The study's author has no affiliation with Stanford, which has rejected the research and its claims.
Several articles online have claimed that Stanford University has produced a respected study showing that masks are ineffective in stopping the spread of COVID-19. This is untrue. The study in question is linked to Baruch Vainshelboim, who is no longer an affiliate of Stanford University. Steve Cortes, the former advisor to former President Donald Trump, was suspended from Twitter after he claimed that a Stanford Study had found masks to be ineffective.
Baruch Vainshelboim originally made the unfounded claim in a study published in the Medical Hypotheses journal. Challenging the efficacy of face masks, he hypothesizes that facemasks have compromised safety and should be avoided from use.
However, legitimate organizations such as The Centers for Disease Control and Prevention (CDC) have recommended wearing face masks to prevent the spread of COVID-19. Since February 2021, the U.S. national public health agency has mandated wearing masks on trains, buses, and planes. The FDA states that surgical masks help block droplets or germs, including viruses and bacteria. As some countries grapple with a second wave of the pandemic, wearing two masks has been recommended.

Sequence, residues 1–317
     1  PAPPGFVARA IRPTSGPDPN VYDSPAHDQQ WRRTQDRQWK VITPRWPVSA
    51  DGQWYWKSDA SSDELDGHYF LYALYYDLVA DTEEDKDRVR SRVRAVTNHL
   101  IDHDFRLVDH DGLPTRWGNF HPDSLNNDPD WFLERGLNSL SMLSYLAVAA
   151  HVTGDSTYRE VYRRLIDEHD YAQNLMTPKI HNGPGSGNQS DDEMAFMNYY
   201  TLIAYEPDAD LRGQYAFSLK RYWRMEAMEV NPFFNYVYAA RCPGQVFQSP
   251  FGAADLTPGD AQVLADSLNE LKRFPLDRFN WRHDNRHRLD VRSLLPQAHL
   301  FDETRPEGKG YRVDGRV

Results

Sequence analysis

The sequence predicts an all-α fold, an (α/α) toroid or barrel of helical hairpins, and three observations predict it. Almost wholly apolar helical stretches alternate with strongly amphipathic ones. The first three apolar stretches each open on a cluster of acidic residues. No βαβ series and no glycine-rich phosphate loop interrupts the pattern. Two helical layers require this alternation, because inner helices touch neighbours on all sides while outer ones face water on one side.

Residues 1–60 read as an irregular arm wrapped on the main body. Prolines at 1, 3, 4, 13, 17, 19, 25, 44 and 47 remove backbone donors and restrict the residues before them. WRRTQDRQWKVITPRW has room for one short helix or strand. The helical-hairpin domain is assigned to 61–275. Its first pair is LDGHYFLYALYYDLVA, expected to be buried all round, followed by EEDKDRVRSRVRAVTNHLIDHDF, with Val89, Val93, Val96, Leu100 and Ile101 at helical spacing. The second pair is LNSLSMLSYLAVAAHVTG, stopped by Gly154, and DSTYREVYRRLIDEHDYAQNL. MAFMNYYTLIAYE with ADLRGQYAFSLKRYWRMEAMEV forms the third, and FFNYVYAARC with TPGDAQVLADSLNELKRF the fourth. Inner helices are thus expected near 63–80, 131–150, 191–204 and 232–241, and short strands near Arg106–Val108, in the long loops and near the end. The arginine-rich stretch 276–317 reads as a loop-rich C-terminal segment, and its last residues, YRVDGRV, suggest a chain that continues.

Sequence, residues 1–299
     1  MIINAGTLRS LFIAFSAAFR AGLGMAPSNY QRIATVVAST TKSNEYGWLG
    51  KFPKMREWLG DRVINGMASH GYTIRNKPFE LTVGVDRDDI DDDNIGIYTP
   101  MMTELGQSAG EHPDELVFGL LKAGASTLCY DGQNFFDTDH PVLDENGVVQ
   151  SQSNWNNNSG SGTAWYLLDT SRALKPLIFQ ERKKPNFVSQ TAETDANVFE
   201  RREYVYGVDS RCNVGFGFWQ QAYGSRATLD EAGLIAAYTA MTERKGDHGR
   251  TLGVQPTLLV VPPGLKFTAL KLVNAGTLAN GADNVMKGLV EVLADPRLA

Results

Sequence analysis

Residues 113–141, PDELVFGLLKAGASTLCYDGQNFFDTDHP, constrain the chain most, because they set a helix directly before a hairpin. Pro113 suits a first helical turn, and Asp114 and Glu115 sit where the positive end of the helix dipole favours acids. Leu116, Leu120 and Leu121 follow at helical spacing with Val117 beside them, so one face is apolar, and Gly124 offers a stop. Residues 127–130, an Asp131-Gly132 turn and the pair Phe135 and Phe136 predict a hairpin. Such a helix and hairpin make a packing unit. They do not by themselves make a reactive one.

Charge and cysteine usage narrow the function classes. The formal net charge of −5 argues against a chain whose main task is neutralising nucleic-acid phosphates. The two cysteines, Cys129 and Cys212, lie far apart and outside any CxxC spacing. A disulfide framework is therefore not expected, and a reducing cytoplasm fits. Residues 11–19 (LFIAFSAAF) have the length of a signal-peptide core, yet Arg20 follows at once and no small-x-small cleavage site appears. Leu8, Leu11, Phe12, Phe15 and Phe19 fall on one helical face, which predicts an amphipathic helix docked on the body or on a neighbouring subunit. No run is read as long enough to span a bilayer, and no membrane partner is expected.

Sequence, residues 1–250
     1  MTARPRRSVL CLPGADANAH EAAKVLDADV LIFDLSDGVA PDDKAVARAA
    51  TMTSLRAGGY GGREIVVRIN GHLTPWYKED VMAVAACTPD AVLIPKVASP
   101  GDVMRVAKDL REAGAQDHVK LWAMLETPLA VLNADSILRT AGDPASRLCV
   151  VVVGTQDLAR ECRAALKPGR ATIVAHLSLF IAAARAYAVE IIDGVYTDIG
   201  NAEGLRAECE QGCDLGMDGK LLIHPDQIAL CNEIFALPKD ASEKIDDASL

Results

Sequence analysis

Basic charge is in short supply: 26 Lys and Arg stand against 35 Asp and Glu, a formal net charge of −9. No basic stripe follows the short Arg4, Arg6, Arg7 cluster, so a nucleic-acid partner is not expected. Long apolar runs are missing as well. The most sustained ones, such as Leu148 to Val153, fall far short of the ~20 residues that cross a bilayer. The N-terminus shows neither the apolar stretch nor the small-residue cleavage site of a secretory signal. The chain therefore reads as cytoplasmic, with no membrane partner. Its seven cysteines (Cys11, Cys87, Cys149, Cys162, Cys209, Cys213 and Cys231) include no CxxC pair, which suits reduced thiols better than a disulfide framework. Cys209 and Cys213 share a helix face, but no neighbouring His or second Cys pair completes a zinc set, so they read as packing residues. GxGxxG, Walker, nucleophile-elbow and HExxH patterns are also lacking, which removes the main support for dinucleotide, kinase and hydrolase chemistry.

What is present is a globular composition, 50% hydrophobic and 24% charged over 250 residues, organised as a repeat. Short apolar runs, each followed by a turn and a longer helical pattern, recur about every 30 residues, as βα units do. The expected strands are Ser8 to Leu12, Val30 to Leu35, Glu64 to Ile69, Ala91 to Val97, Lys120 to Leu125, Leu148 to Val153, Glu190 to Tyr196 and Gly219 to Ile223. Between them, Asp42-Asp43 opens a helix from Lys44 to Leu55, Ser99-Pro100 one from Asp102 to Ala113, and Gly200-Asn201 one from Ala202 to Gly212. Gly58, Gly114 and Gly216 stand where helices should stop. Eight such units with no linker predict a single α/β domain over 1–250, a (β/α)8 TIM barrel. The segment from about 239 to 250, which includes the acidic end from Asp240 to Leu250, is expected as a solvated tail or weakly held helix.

On April 2022, Stanford Medicine's official Twitter account clarified that the research was "not a Stanford study" and that Vainshelboim had been incorrectly affiliated with the university. It stated that the University had requested a correction to articles by fake news sites, such as Gateway Pundit, which had claimed that the research was a Stanford paper. Stanford confirmed that Vainshelboim had not been associated with Stanford since 2016. when he completed a one-year term as a visiting scholar on issues that were unrelated to the research on masks.
Stanford University encouraged the public to continue to wear masks to protect themselves from COVID-19.